Acts 9 is not a passage that was included in Luke’s writings to teach us about baptism. It is there to tell us about the profound conversion experience and calling of Saul (Paul) and it includes his baptism. Paul is met by Jesus on the road to Damascus and is forever changed. Paul meets Jesus and is told what to do by Ananias and all that happens; his persecution of followers of the Way, the bright light, the voice of Jesus, the blindness, the fasting, his new calling, and his baptism are all included in his testimony. Continue reading
Romans 6:1-7 (NIV) What shall we say, then? Shall we go on sinning so that grace may increase? 2 By no means! We are those who have died to sin; how can we live in it any longer? 3 Or don’t you know that all of us who were baptized into Christ Jesus were baptized into his death? 4 We were therefore buried with him through baptism into death in order that, just as Christ was raised from the dead through the glory of the Father, we too may live a new life. 5 For if we have been united with him in a death like his, we will certainly also be united with him in a resurrection like his. 6 For we know that our old self was crucified with him so that the body ruled by sin might be done away with, that we should no longer be slaves to sin—7 because anyone who has died has been set free from sin.
Salvation is not limited to any temporal aspect. It is not limited to any specific time and place. Salvation is all encompassing. Salvation is through Jesus Christ and includes the past, present, and future. To help us connect salvation to the past we will refer to it as our justification. Salvation in the present is our sanctification and salvation in the future is our glorification.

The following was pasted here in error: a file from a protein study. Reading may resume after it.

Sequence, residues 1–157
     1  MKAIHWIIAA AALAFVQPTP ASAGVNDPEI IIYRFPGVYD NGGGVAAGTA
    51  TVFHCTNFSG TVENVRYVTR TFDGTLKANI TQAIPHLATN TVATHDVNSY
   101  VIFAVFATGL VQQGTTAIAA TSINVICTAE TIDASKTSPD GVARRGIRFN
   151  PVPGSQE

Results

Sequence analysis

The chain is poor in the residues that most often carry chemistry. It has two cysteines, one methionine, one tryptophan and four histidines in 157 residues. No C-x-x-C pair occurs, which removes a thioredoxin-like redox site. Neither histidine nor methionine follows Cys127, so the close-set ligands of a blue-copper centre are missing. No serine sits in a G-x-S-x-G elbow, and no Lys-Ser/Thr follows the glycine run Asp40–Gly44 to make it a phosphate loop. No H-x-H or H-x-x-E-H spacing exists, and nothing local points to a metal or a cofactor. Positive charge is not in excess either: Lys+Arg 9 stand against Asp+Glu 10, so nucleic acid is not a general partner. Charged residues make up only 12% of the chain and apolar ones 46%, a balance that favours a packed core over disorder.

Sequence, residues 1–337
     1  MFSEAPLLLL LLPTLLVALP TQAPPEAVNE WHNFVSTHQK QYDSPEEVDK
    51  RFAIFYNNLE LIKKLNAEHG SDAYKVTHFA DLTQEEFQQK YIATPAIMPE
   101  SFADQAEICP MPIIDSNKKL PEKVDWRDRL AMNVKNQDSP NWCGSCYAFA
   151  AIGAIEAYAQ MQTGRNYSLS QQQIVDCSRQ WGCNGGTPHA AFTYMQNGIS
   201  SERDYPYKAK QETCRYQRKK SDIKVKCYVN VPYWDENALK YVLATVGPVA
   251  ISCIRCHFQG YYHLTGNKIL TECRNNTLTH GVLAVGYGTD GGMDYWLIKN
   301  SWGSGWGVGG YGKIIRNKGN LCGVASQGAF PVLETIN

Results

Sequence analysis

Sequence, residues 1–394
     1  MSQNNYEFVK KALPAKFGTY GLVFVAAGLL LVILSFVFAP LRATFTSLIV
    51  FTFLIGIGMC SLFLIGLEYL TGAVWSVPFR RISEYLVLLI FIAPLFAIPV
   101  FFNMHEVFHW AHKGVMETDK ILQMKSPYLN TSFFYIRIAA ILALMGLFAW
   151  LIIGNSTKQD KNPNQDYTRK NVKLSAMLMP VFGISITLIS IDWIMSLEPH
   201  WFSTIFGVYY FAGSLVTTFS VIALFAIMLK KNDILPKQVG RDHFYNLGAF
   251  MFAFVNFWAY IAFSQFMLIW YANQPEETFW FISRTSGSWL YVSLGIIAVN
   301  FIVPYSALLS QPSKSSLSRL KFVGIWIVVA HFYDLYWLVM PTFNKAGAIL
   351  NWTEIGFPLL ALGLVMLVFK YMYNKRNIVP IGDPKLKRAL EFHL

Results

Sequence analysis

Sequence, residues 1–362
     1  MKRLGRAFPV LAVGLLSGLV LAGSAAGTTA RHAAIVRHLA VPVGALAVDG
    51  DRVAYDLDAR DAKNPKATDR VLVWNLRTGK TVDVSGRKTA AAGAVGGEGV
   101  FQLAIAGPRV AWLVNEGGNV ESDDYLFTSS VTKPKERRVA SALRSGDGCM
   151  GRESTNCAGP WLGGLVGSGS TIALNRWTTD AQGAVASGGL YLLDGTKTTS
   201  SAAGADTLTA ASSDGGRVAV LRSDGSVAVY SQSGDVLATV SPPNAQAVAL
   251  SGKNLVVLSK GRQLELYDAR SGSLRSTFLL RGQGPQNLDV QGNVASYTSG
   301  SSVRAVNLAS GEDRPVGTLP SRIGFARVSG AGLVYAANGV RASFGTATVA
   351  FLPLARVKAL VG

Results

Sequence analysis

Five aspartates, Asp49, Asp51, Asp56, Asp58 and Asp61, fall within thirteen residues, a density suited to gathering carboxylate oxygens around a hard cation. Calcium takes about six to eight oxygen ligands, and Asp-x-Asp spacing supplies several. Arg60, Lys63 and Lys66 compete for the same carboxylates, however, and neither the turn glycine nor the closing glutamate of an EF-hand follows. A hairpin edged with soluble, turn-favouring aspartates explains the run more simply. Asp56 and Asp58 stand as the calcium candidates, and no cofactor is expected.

A life without pain may mean that we have resigned to helplessness and hopelessness. A pain free life sounds great but it may be that we have grown numb or that we are self-medicating to stay numb. A pain free life may mean that we have also become numb to joy and love. In our efforts to avoid pain to try and spare ourselves from the worst, we may inadvertently choose to miss out on God’s best. Pain is a gift, but it is the gift that no one wants. We don’t want it because the problem with pain is that it cannot be switched off. Continue reading
One of the most important discoveries for me was the theological concept of imputed righteousness. When I was a preaching intern, I was instructed to write an essay on the topic. This teaching has tripped up many a Restorationist. I have had discussions with church members and ministers about the unearned nature of salvation and the way in which we are made righteous. After describing imputed righteousness, it is usually followed up with a “but.” The conversation then transitions to our need for obedience and if a person can lose their salvation.
After becoming a follower of Christ I was discipled to believe that the most essential elements in understanding the word of God was logic and common sense. A “plain reading” of the scripture would allow all people to come to the same conclusions and opinions. Any literate person on the planet could open the word of God and understand it. If they read it plainly they would come to the same “truths” as our tribe concerning how we do worship and the steps to salvation. People who discovered different “truths” were making a conscious effort to deny the plain truths found in God’s word. It was that black and white.